Methodology: This report summarizes laws and resolutions enacted between January and December 2019. Laws included in this overview address legal immigrants, migrant and seasonal workers, refugees or unauthorized immigrants. Terms used in this report by and large reflect those used in the state legislation. In some state legislative language, unauthorized immigrants are also described as “illegal immigrants,” “undocumented immigrants” or “aliens.”
Lawmakers in 23 states and the District of Columbia enacted 45 laws appropriating funds for various immigration services. Those states are Arizona, Arkansas, California, Colorado, Georgia, Hawaii, Illinois, Iowa, Kansas, Maryland, Massachusetts, Michigan, Minnesota, Missouri, Montana, New Jersey, New Mexico, New York, Ohio, Oregon, Pennsylvania, Texas and Washington.
These laws typically appropriate funds for refugee services, migrant health, naturalization services, law enforcement, or education and English as a Second Language (ESL) programs.
- California AB 74. This budget law includes funds for legal services to unaccompanied, undocumented minors and for immigrant integration; mental health assessments in support of applications for immigration remedies, such as asylum-seekers and applicants for T visas, U visas and Special Immigrant Juvenile status; and a Rapid Response Program to provide contracts or grants to entities, including nonprofit organizations, that provide critical assistance to immigrants during emergent situations when federal funding is not available to support such assistance.
- Colorado HB 1239. This legislation, the Every Person Counts in Colorado Act, promotes an accurate count in the decennial census by creating a census outreach grant program for hard-to-count communities. These are communities and populations that have been historically undercounted by previous censuses. They include children under 5 years old, racial and ethnic minorities, communities of color, American Indians and Alaskan Natives, people with disabilities, people with low incomes, immigrants, people who speak and understand limited amounts of English, people living in rural areas, those without sufficient internet access, adults ages 60 and older, and people who are transient or homeless.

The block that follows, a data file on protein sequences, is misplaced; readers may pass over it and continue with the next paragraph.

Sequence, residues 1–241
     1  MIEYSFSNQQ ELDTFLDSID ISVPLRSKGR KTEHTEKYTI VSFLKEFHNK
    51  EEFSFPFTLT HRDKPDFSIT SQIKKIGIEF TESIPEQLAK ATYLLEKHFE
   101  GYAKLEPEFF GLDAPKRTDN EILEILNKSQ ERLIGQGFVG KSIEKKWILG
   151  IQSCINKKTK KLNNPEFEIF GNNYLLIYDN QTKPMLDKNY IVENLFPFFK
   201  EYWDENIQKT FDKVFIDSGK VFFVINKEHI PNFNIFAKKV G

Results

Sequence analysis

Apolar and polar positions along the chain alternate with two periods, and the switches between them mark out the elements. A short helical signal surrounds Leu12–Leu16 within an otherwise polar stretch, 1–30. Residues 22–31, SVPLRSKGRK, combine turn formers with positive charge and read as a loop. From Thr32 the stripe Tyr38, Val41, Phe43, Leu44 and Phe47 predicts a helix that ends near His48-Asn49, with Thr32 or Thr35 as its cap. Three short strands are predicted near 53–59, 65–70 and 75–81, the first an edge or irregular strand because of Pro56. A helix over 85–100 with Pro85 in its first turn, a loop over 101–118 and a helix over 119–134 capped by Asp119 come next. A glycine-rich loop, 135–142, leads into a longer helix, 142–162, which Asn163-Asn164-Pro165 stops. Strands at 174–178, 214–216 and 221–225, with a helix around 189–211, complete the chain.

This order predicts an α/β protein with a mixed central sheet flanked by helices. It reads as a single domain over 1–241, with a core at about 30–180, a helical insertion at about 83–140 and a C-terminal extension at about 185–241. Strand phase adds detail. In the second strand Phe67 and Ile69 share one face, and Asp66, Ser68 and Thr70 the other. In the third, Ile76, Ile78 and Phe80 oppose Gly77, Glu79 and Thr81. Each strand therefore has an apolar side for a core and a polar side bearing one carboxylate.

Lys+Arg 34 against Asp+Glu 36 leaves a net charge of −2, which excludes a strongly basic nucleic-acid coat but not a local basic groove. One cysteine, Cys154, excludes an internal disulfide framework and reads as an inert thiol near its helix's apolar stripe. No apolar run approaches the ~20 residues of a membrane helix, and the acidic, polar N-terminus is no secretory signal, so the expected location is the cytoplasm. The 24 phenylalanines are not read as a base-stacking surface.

- Iowa HB 758. This appropriations law funds a pilot project to provide supplemental support services for international refugees to improve learning, English literacy, life skills, cultural competencies and integration in a county with a population over 350,000 as determined by the 2010 census. The pilot project will provide access to international resources for Iowans and new Iowans to provide economic and leadership development, resulting in Iowa being a more inclusive and welcoming place to live, work and raise a family.
- Massachusetts HB 4000. This budget law for 2020 includes funds for a statewide competitive grant program to ensure a complete and accurate count in the 2020 census, with tailored outreach and support to homeless populations, households with limited English and immigrant communities. It also includes funding for the Massachusetts Office for Refugees and Immigrants and services for refugees.
- Michigan HB 4239. This budget law appropriates funds for the Department of Regulatory and Licensing and includes funds for refugee services and the Michigan Office for New Americans. The office, along with the Asian Pacific American Affairs Commission, the Commission on Middle Eastern American Affairs and the Hispanic/Latino Commission of Michigan, must submit a report to the legislature by Jan. 31, 2020. The report must include the number of education and workforce training programs the office conducted, the number of people the office helped navigate the immigration system, and a description of the activities the office conducted to attract and retain international, advanced degree and entrepreneurial talent.
- Minnesota HB 2a. This budget law funds the Department of Employment and Economic Development. It includes a one-time grant to the Construction Careers Foundation for the construction career pathway initiative to provide year-round educational and experiential learning opportunities for teens and young adults under age 21 that lead to careers in the construction industry. Programs and services supported by grant funds must give priority to individuals and groups that are economically disadvantaged or historically underrepresented in the construction industry, including women, veterans, and members of minority and immigrant groups.
- New Jersey AB 5610. This supplemental appropriations law includes grants for legal assistance to individuals facing detention or deportation based on their immigration status.